by Global Security Staff
Members of Congress have asked the US State Dept. to arm security forces protecting US Embassies in high-or-medium risk areas around the world in response to a fast-changing threat environment involving ongoing risks of terrorist incidents or even attacks from hostile nation-states.
The Dept. of State, however, in response to a formal letter from Rep. Paul Gosar, R-Ariz., did not commit to the practice but rather cited several factors informing decision-making on the issue essentially nullifying the need to arm guards that protect US diplomats and military personnel in high threat and terrorist infested areas.
US State Dept. Asst. Secretary of Legislative Affairs Mary Waters sent a July, 2018 response letter to Representative Gosar detailing the department’s most current thinking on the question.
Waters wrote that the decision to provide weapons to security forces depends upon “whether the host nation will provide armed support for the embassy,” and whether local host-country laws allow the “US government to provide firearms to the guard force.” But, some experts in the field point out that almost every nation where there are US embassies present do allow armed security forces and in fact, other foreign embassies within these countries do have armed security forces.
This response, however, appears to fall well short of Gosar’s request; his May 2018 letter to Secretary of State Mike Pompeo argues that armed guard forces should be a matter of global policy, depending upon threat levels. The US military in contrast, does use armed private security forces at their bases in countries where the US embassies are not armed.
“Diplomats and members of the US Department of State, US Department of Defense, and other US agencies assigned to these embassies receive hazardous duty or danger pay and allowances….then it is logical that the security forces the protect the embassies should be armed,” Gosar writes.
Gosar goes on to specifically site current state department practices, which he says include a clear option to provide weapons where needed.
“The US Department of State’s Acquisition Management (AQM) division of the Bureau of Diplomatic Security has the latitude to require armed security forces for embassies in high-and medium-threat locations. AQM routinely however opts not to arm security forces,” Gosar’s letter states.
While focused on the issue broadly on a global scale, the letter does cite a few specific instances, including the widely discussed attack on the US Embassy in Benghazi several years ago. Gosar’s letter draws an unequivocal connection between the lack of armed security guards at the US facility and the devastation caused by the terrorist attack.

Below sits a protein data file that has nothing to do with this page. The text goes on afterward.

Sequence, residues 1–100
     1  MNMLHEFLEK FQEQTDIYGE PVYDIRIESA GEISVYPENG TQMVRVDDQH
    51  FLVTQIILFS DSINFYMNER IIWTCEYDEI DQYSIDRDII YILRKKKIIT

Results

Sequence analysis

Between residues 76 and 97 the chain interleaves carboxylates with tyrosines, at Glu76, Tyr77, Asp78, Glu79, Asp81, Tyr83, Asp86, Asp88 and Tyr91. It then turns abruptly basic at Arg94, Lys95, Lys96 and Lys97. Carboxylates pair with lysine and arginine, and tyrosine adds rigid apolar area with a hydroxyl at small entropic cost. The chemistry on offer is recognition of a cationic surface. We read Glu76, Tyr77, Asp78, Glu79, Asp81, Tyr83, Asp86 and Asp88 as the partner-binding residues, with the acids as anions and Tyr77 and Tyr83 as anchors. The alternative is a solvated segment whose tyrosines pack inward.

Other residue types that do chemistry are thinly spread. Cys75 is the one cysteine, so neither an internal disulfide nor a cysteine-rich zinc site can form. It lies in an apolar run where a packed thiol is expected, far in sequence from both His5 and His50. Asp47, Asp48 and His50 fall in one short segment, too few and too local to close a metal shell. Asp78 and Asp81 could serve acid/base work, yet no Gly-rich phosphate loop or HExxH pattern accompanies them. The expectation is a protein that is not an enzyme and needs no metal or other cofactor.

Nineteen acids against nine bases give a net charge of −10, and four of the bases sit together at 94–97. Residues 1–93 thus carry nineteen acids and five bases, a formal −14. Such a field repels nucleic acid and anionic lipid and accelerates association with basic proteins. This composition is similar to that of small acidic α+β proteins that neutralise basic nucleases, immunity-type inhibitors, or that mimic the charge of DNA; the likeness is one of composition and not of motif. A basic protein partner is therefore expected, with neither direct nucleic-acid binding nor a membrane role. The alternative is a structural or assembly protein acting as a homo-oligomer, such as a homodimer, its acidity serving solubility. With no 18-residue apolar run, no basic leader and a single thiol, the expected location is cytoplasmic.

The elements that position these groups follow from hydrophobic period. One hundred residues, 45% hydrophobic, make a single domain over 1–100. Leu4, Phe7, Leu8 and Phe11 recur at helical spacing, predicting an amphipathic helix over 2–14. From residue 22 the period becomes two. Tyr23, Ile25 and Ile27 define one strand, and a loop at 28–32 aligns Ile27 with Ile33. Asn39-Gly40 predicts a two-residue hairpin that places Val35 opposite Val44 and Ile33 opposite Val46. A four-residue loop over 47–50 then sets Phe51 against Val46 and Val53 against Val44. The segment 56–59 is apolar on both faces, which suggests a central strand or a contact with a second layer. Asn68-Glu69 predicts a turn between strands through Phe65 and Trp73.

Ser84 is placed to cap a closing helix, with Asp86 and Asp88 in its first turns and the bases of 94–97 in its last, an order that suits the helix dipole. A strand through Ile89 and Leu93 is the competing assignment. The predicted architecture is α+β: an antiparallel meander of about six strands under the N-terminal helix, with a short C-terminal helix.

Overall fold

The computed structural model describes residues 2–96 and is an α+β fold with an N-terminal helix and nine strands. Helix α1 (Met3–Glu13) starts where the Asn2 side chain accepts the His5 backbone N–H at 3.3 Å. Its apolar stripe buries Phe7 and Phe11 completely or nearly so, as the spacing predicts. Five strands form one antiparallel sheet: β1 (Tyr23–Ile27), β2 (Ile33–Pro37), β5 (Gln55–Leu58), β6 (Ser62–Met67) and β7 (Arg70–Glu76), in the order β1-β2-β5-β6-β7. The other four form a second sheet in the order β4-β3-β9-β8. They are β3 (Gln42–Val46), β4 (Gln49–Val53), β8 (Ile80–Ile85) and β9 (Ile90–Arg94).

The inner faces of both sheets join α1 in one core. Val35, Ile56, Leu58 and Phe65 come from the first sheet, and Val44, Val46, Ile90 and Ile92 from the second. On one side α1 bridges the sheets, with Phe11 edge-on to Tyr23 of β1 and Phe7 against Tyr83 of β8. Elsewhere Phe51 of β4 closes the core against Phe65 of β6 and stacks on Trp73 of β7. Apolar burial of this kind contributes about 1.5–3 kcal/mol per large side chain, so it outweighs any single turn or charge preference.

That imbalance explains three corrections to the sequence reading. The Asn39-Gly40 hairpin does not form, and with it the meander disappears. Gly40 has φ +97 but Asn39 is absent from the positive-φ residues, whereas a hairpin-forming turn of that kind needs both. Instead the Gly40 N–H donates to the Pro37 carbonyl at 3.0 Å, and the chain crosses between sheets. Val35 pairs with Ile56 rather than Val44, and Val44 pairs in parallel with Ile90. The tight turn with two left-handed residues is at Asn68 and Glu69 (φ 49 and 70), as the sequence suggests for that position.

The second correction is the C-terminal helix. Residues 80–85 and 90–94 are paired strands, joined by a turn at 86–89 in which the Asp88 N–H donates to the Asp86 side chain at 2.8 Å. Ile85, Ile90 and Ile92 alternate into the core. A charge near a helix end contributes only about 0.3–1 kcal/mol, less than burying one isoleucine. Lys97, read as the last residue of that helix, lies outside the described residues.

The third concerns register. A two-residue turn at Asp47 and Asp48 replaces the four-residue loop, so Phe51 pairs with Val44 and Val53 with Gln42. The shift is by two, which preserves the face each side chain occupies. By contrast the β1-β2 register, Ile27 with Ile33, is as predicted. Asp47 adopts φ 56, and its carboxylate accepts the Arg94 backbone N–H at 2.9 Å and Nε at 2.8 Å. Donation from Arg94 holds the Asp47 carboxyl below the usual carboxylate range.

“This is precisely what happened in Benghazi which resulted in the death of Ambassador Christopher Stevens and three brave Americans who tried to rescue him,” the letter writes.
Gosar’s assessment is reinforced by some language included in a 2014 US Senate Intelligence Committee report on Benghazi, which references an August 16, 2012, cable to State headquarters. In the cable, as reported by the Senate, Amb. Stevens raised concerns about the deteriorating security situation in Benghazi.
“The Principal Officer remarked that the security situation in Benghazi was trending negatively and that this daily pattern of violence would be the new normal for the foreseeable future,” the cable states, according to the Senate report. More specifically, the Senate committee cites the lack of “weapons capabilities” as a critical factor contributing to the tragic results of the attack.
Referring to the same Amb. Stevens cable, the Senate report states that “the Regional Security Officer expressed concerns with the ability to defend Post in the event of a coordinated attack due to limited manpower, security measures, weapons capabilities, host nation support, and the overall size of the compound.”
In conclusion, Gosar recommends that armed US Embassy security forces be armed and managed and led by US veterans of the armed forces or law enforcement officials.
Overall, given the extent to which new threats are currently emerging in certain strategically vitals areas of the globe, the issue of whether to more broadly implement new policy arming security forces is likely to capture continued attention from members of Congress.